[zfs-discuss] Help with estimated memory need
Niels de Carpentier
niels at decarpentier.com
Sun Mar 11 13:16:46 EDT 2012
>> Solaris requires 2.6GB memory per TB data in the best case (only
>> blocks.) You probably want to double that because of inefficiencies
>> in the
>> zfs on linux implementation.
> So this might be the answer I was looking for ?
Be aware that this is for a blocksize of 128KB. I think the default
blocksize for a zvol is 8KB, which means 16 times the amount of blocks,
and 16 times the storage requirements!
>> Normally metadata (this includes the dedup tables) is limited to 25%
>> the arc! So you'll need a lot of memory (or a fast ssd), and you'll
>> to tune the arc so most can be used for metadata.
> Should I understand that I would need 2.6GB * 2 * 4 = 20 GB RAM only
> for ZFS arc for processing properly a 1 TB Zpool with dedup ? That would
> be HUGE RAM requirements !
You can change the arc settings, and allow all the arc to be usable for
metadata or use the arc only for metadata. 8KB blocks is killing though,
and results in insane memory requirements. With an 8KB block size you
would need 2.6GB * 2 * 16 = 83.2 GB RAM!
Not practical for a home server, although you could use an ssd for l2arc
which would be much faster than normal disks, but much slower than memory.
Every l2arc entry also needs some data in the arc though, so you might
need more memory even if you use an ssd for l2arc.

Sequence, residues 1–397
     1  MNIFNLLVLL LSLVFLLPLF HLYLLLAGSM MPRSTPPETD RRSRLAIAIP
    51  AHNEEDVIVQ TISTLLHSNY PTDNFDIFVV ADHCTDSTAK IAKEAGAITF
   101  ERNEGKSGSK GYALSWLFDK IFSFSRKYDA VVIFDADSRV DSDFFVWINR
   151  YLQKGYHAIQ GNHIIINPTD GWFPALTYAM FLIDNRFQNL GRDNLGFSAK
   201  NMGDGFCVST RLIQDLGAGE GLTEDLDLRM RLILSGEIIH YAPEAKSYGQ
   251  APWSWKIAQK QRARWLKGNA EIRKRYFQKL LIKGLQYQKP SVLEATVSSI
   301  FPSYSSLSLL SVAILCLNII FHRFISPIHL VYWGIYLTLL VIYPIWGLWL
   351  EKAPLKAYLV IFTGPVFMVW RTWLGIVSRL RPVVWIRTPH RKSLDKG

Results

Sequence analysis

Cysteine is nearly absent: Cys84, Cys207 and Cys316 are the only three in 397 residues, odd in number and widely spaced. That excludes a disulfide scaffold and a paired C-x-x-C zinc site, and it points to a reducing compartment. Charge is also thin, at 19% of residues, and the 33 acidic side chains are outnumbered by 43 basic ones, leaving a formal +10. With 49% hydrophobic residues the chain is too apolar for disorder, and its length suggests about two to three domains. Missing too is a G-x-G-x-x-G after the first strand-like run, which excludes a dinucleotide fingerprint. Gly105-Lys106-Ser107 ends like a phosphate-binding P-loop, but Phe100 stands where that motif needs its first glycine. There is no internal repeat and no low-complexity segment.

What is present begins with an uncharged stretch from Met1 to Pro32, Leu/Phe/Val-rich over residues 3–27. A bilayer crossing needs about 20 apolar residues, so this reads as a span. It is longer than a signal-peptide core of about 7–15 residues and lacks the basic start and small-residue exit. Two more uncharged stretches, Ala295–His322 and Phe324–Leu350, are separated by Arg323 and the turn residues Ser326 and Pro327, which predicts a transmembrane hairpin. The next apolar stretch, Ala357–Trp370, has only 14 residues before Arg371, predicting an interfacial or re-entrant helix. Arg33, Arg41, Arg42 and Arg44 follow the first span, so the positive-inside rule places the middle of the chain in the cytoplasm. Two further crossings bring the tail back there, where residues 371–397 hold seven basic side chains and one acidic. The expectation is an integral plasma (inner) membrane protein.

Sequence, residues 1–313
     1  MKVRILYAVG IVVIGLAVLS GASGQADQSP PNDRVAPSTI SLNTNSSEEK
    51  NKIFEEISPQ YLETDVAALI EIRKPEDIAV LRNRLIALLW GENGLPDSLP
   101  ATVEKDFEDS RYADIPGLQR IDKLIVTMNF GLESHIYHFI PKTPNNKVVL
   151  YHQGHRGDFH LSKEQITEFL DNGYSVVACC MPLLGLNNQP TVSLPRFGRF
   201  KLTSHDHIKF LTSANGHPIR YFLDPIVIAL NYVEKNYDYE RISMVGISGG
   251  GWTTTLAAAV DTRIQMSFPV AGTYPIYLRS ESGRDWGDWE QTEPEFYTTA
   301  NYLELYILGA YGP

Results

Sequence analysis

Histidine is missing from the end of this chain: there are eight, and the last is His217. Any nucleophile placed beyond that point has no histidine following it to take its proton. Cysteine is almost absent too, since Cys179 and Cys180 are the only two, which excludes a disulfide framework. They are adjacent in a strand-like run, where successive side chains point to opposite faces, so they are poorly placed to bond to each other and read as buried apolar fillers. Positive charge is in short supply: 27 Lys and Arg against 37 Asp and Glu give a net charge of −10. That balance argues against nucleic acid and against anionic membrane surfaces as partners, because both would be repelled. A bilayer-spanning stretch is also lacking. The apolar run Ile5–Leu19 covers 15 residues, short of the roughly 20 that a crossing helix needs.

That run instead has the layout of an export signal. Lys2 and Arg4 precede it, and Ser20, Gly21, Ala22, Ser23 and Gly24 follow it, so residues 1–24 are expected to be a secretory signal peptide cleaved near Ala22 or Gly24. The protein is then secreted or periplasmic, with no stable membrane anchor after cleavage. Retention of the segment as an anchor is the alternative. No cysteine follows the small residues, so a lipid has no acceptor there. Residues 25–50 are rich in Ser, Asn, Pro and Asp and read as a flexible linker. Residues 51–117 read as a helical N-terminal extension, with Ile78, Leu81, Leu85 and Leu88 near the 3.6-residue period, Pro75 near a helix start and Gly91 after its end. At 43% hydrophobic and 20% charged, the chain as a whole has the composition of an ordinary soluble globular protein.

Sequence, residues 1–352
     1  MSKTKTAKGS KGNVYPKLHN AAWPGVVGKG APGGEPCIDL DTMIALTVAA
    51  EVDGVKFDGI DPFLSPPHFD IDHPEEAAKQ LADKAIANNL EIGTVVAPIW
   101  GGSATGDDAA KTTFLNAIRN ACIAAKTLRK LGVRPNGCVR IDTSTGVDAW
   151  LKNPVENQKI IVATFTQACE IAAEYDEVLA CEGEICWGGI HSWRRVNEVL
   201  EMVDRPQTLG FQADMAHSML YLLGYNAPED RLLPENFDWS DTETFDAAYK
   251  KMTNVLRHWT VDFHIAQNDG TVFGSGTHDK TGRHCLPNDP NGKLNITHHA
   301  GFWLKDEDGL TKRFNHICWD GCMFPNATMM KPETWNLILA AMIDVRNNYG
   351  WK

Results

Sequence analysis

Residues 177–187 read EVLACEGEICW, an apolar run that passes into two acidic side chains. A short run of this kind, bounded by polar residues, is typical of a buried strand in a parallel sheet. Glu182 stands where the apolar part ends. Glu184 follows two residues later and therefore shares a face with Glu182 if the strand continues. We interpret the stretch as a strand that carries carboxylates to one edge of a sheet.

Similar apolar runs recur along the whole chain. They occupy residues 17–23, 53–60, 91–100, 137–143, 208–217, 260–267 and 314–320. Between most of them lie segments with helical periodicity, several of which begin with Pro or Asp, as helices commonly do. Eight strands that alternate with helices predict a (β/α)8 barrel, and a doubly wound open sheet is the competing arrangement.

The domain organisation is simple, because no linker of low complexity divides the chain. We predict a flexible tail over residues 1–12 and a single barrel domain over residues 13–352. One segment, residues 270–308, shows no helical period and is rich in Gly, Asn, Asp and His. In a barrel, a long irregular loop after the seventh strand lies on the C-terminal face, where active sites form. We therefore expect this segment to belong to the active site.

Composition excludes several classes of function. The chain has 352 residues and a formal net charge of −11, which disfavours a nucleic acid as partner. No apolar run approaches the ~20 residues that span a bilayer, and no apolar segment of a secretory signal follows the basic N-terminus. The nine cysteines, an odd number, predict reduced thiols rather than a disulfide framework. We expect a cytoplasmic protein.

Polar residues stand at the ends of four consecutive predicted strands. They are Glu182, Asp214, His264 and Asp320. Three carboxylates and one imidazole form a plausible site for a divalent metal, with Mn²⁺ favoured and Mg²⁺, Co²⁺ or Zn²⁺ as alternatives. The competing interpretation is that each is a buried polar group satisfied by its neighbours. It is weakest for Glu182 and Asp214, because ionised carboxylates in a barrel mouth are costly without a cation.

This shows why people generally don't use dedup except in very limited
situations on small partitions. It's simply not worth it in most cases.
> I've been actually using it daily for more than 6 months. Dreadfully
> slow, getting slower every single day, but it works and has shown
> perfectly stable...
Ok, cool. There have been reports of hangs under load when using dedup,
but maybe your home server is not stressed enough to trigger the issue.
> Without deduplication, what would be your RAM advice for correct
> performance ? - but I would need to at least double my online storage...
Without dedup your current 4GB should be fine for a home server.
Maybe there is backup software that can do the deduplication without
relying on the filesystem. I know there are commercial solutions that can
do this, so there might be open source solutions that can do this as well.
Doing this on the application level seems much better, as you can match on
filename, instead of comparing with all other blocks on the filesystem.
You could also have a look at lessfs, which is optimized for
deduplication. I don't have any experience with it, so I cannot say if
that will work for you.
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